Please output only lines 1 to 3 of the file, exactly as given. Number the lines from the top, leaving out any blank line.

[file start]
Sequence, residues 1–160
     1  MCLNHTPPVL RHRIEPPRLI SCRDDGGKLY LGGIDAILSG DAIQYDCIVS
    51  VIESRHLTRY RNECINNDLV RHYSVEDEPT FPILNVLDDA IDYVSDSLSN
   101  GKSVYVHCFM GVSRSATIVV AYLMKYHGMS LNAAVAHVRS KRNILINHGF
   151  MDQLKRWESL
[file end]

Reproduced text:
Sequence, residues 1–160
     1  MCLNHTPPVL RHRIEPPRLI SCRDDGGKLY LGGIDAILSG DAIQYDCIVS
    51  VIESRHLTRY RNECINNDLV RHYSVEDEPT FPILNVLDDA IDYVSDSLSN